Frankie Flowers on how to tropicalize your Toronto turf

Who needs an expensive trip to the tropics? Canadian television personality and gardener extraordinaire Frank Ferragine wants to make the staycation that much more awesome by outfitting gardens with flowers reminiscent of Hawaii, Thailand and California. He's got bountiful tips on how best to do it.
Who needs an expensive trip to the tropics? Canadian television personality and gardener extraordinaire Frank Ferragine wants to make the staycation that much more awesome by outfitting gardens with flowers reminiscent of Hawaii, Thailand and California. He’s got bountiful tips on how best to do it. (Photo courtesy of Frank Ferragine)

Gardener, weatherman and bestselling author Frank Ferragine — the Clark Kent behind the Frankie Flowers persona — wants to help. For those of us spending most of our quality time this summer on our balconies, patios and decks, Ferragine has offered Toronto Storeys his tips for tropicalizing Toronto. In other words, bringing the balmy back home.

“The vibrant blooms of hibiscus, the big, bold foliage of bird of paradise or the dramatic foliage of croton all add the flavour of the tropics to our outdoor space,” Ferragine says. “Enjoy them outdoors in the summer and bring them indoors in fall.”

Here are Frankie’s Five Faves for outdoor tropicals:

Hibiscus (Photo courtesy of Frank Ferragine)

Hibiscus: “Continuous blooms, big flowers, loves sun and reminds me of Hawaii.”

Interesting fact via SnaPlant.com: Yummy and useful. The flower is edible and has a citrusy taste. Leaves and flowers can also be mashed into a paste for a natural shampoo. Hibiscus tea has numerous health benefits.

Bougainvillea
Bougainvillea (Photo courtesy of Sheridan Nurseries)

Bougainvillea: “Flowering vine with numerous blooms, bright bold flowers in colours of purple, bright pink and mauve. Sun loving. Reminds me of the Caribbean.”

Interesting fact via GardenGuides.com: Don’t let it climb into someone else’s balcony. Bougainvillea, a vining plant, can grow up to 30 feet tall.

Oleander
Oleander (Photo courtesy of Sheridan Nurseries)

Oleander: “Easy-care flowering bush or tree, easily handles windy locations and sunny terraces.  Reminds me of California.”

Interesting fact via Arkive.org: A dangerous beauty. All parts of the oleander plant are poisonous to humans and many animals.

Star Jasmine
Star Jasmine

Star Jasmine: “Fragrant flowering vine. White blooms, perfect for spaces enjoyed at night, as white reflect lights. Reminds me of Thailand.”

Interesting fact via GardeningChannel.com: This plant isn’t picky about soil — it can grow in sand, clay or loam and tolerates both alkaline and acidic soils.

Pygmy Date Palm: “Extremely durable palm tree for outdoor containers. Great foliage, beware of its spikes. You need a palm for a tropical garden!”

Interesting fact via GardeningKnowHow.com: Relax in the shade. The up to six-foot-long fronds of the pygmy palm tree may even need pruning to rein it in.

Ferragine says tropical plants can be purchased almost anywhere during certain seasons — including Lowes, Home Depot, Loblaws and IKEA — but his two favourite nurseries are Summerhill Nurseries (Dupont & Davenport) and Sheridan Nurseries (Yonge & Glencairn).

As for arrangements in your backyard or on your balcony, Ferragine says “blending tropical plants with colourful flowering annuals is key.”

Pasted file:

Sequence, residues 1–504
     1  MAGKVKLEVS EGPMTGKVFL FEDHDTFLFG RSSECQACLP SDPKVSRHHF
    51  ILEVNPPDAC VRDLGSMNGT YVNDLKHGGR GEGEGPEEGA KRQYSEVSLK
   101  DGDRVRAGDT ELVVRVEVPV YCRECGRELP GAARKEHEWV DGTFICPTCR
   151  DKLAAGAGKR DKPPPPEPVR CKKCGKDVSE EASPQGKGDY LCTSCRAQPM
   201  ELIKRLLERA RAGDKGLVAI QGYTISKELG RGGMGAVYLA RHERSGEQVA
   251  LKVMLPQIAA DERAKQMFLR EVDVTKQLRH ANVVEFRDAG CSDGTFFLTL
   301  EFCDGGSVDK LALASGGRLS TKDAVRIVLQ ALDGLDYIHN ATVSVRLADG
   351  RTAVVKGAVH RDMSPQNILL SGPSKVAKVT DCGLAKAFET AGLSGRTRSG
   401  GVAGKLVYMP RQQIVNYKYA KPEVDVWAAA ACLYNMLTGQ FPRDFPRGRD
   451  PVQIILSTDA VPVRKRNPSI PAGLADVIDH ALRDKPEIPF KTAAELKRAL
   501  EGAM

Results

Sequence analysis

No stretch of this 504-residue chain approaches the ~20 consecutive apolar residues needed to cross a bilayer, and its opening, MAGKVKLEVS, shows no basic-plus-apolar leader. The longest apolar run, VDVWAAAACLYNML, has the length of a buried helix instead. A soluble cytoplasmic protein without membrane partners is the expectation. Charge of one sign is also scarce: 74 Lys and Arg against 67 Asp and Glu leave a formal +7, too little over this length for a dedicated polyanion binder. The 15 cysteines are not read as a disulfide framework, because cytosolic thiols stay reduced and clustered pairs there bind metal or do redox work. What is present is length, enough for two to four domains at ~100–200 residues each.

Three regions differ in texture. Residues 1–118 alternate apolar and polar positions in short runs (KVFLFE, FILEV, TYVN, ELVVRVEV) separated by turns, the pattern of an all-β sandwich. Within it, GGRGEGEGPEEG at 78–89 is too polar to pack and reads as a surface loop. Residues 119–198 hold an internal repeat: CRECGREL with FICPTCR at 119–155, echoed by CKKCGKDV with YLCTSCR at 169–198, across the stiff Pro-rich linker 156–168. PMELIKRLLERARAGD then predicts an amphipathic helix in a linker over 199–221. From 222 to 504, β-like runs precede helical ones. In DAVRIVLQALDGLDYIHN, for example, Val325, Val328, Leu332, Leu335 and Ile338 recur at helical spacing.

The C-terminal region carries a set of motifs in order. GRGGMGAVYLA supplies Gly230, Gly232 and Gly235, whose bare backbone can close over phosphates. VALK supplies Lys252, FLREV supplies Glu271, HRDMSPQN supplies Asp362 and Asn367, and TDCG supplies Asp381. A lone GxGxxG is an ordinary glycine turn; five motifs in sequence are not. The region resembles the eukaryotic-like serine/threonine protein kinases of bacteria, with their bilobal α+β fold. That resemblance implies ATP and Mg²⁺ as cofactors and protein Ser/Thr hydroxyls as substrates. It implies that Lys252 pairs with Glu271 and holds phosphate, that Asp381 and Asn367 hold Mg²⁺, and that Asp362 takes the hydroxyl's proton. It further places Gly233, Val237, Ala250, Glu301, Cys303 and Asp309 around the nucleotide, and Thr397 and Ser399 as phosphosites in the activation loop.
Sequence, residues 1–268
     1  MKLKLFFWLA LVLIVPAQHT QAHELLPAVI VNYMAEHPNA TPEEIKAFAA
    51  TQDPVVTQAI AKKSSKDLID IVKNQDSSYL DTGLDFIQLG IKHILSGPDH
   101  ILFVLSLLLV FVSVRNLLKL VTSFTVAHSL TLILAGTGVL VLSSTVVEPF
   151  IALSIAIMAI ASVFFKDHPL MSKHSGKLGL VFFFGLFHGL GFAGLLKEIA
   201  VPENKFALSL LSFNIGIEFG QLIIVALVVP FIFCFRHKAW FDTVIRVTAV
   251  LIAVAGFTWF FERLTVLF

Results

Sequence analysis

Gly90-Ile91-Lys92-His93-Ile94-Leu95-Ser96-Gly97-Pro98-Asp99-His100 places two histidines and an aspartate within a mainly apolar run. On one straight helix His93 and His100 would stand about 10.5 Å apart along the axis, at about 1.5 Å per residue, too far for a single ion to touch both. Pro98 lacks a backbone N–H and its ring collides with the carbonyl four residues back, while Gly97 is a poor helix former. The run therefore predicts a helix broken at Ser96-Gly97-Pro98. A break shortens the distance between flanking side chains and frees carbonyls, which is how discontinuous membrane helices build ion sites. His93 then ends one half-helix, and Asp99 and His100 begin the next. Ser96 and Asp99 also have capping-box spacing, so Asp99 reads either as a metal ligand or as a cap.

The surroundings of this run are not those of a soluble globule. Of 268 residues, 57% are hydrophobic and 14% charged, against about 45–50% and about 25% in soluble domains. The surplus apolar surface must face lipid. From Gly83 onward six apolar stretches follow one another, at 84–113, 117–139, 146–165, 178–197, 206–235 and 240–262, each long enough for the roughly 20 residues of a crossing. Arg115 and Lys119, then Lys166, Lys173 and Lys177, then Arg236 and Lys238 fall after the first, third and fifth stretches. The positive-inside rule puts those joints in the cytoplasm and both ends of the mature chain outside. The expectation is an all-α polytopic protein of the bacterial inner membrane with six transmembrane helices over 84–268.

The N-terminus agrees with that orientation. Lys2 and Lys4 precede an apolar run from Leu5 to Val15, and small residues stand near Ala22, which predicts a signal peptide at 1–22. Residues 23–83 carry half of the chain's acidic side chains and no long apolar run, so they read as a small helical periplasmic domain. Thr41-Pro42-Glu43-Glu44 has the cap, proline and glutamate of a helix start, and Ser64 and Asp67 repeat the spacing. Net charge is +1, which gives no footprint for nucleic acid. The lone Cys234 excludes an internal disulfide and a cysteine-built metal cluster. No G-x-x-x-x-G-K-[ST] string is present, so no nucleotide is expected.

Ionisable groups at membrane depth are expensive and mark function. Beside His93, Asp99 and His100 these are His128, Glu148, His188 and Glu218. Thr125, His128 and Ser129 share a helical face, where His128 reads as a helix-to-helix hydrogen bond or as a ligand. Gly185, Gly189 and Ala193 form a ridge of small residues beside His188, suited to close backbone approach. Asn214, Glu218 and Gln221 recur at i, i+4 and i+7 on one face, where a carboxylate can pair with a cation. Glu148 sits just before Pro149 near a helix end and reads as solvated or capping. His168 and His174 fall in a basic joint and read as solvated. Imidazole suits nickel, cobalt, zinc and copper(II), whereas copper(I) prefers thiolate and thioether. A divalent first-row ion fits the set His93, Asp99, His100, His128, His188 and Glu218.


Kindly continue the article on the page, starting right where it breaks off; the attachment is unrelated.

Now here’s an entranceway: Pink Dipladenia (tall vine in centre of planter), Pink Oleander (in front of Dipladenia), Pink and Cherry Pink Ivy Geranium (spilling over pot), Blue Scaevola (spilling over pot). (Photo courtesy of Frank Ferragine)

“I recommend picking a colour theme,” he says. “One of my favourites is what I call ‘Tropical Punch’, with a mix of orange, purple and bright pink flowers in foliage. Orange hibiscus for the thrill, the fabulous foliage of croton for fill and the vibrant purple flowers of purple wave petunias to spill over the edges of pots and gardens.

“Simple, colourful and tropical.”

Ferragine recommends selecting tropical plants that suit the amount of light you have. West- and south-facing balconies, with no obstructions, means you should pick plants that thrive in full sun. East- or north-facing balconies or terraces — which means mostly morning sun — is best suited for part-shade or shade-loving plants.

Once you have your tropical collection, use potting soil when potting or repotting, Ferragine says, and ensure your pots have drainage.

“Do not overwater,” he stresses. “Water when dry, but do not underwater. Depending on light, wind and weather, everyone’s watering schedule will be slightly different. Finally, keep an eye out for bugs — a quick application of insecticidal soap will be a saviour.”

Lastly, how to keep the tropical vibes alive? As autumn creeps closer and evenings get cooler, Ferragine says you can bring these tropical beauties indoors with you, as the last bright memories of summer.

“Tropical plants will not overwinter outdoors and most, if not all, will need to come indoors in early fall, before the threat of frost,” he says.

Ferragine offers these five steps:

  1. When bringing indoors, spray both tops and undersides of leaves with insecticidal soap to minimize insects from coming indoors.
  2. Move sun-loving plants into a bright room, but not directly in front of a window, and keep away from heating vents.
  3. Water only when dry — the No. 1 killer of indoor plants is overwatering.
  4. Do not fertilize until mid-March.
  5. Move back outdoors in spring, after the risk of frost (roughly mid- to late-May in our Toronto climate).
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